SUPPLEMENTARY MATERIAL: ADDITIONAL DETAILS OF MATERIALS AND METHODS
Heterospecific alarm calling
We classified particular calls as alarm calls if we had previously observed that species giving that call in the presence of a predator, and if we had observed conspecifics reacting by flying to cover. Species that produced alarm calls to which pied babblers responded included: white browed sparrow weavers (Plocepasser mahali), fork tailed drongos (Dicrurus adsimilis), crowned lapwings (Vanellus coronatus), glossy starlings (Lamprotornis nitens), lilac breasted rollers (Coracias caudatus), crimson breasted shrikes (Laniuarus atrococcineus) Southern yellow billed hornbills (Tockus leucomelas), ground-scraper thrushes (Psophicichla litsitsirupa), ant eating chats (Myrmecocichla formicivora) and chestnut vented tit-babblers (Parisoma subcaeruleum).
Predators to which we observed other species giving alarm calls included: gabar goshawk (Micronisius gabar); little banded sparrow hawk (Accipiter badius); pale chanting goshawk (Melierax canorus); lanner falcon (Falco biarmicus); tawny eagle (Aquila rapax); martial eagle (Polemaetus bellicosus); giant eagle owl (Bubo lacteus); spotted eagle owl (Bubo africanus); slender mongoose (Galerella sanginea); yellow mongoose (Cynictis penicillata); African wild cat (Felis lybica); Cape cobra (Naja nivea); puff adder (Bitis arietans). All of animals these elicit strong reactions from pied babblers, and most have been observed attacking them on multiple occasions.
Innocuous stimuli to which pied babbler sentinels gave alarm calls
Cape turtle dove (Streptopelia capicola), red eyed dove (Streptopelia semitorquata), Southern yellow billed hornbill (Tockus leucomelas), glossy starling (Lamprotornis nitens), crowned lapwing (Vanellus coronatus), Kori bustard (Adeotis kori), Cape ground squirrel (Xerus inauris), common duiker (Sylvicapra grimmia), steenbok (Raphicerus campestris), blue wildebeest (Connochaetes taurinus), springbok (Antidorcas masupialis), gemsbok (Oryx gazelle), eland (Taurotragus oryx), domestic goat (Capra aegargus hircus), domestic cow (Bos taurus), garden hosepipe, plastic bag, fence wire, and back pack.
Effect of calm and disturbed surveillance calls on the responsiveness of foragers to sentinel alarm calls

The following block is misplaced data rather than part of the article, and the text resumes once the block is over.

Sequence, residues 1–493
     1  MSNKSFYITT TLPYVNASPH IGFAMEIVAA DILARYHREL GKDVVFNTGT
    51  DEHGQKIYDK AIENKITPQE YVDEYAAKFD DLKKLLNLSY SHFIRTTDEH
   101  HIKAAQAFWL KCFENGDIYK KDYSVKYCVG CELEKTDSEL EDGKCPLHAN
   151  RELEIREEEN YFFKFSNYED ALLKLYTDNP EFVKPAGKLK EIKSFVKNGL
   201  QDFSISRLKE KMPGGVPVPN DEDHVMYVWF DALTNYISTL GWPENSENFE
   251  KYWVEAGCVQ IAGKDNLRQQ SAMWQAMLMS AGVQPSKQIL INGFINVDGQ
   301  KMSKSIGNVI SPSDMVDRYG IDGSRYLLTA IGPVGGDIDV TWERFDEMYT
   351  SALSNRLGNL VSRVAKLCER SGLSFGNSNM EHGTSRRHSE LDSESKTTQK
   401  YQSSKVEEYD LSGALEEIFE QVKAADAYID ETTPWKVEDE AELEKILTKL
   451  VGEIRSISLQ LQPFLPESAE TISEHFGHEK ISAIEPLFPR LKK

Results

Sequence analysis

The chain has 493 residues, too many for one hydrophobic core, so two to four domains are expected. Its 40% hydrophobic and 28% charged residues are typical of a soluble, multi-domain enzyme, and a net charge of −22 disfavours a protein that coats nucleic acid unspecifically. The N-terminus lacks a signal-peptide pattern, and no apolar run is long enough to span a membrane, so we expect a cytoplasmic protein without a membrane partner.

To investigate the probability of the focal bird flying to cover, we constructed a GLMM (see below) and fitted the behaviour of the focal bird as the response variable (1 = fly to cover, 0 = no response), with a binomial total of 1 (model dispersion parameter fixed at 1). We fitted individual identity as a random factor (estimated variance component = 1.30 ± 2.21 S.E.), and fitted treatment as a fixed factor (calm or disturbed sentinel call playback). Data came from 14 pairs of calm/disturbed sentinel call playbacks to 6 groups.
To investigate the proportion of the focal group flying to cover, we constructed a GLMM (see below) and fitted number of group members who flew to cover as the response variable, and total number of group members who were foraging on the ground before the alarm call playback as the binomial total (model dispersion parameter estimated). As random factors we fitted Group identity (estimated variance component = 0.20 ± 0.47 S.E.) and playback pair identity (estimated variance component 0.088 ± 0.48 S.E.), and fitted treatment as a fixed factor (calm or disturbed sentinel call playback). Data came from 14 pairs of calm/disturbed sentinel call playbacks to 6 groups.
We collected observational data using Palm TX PDAs (Palm, Sunnyvale, California) running purpose written programmes, and made sound recordings using Sennheiser MKH416T microphones and Marantz PMD670 hard-drive sound recorders. For playback experiments, sound files were constructed and edited using Cool Edit 2000 (Syntrillium Software Corp., Phoenix, Arizona), then stored as WAVE audio files on an Apple iPod and played back on a Sony SRS-A35 speaker.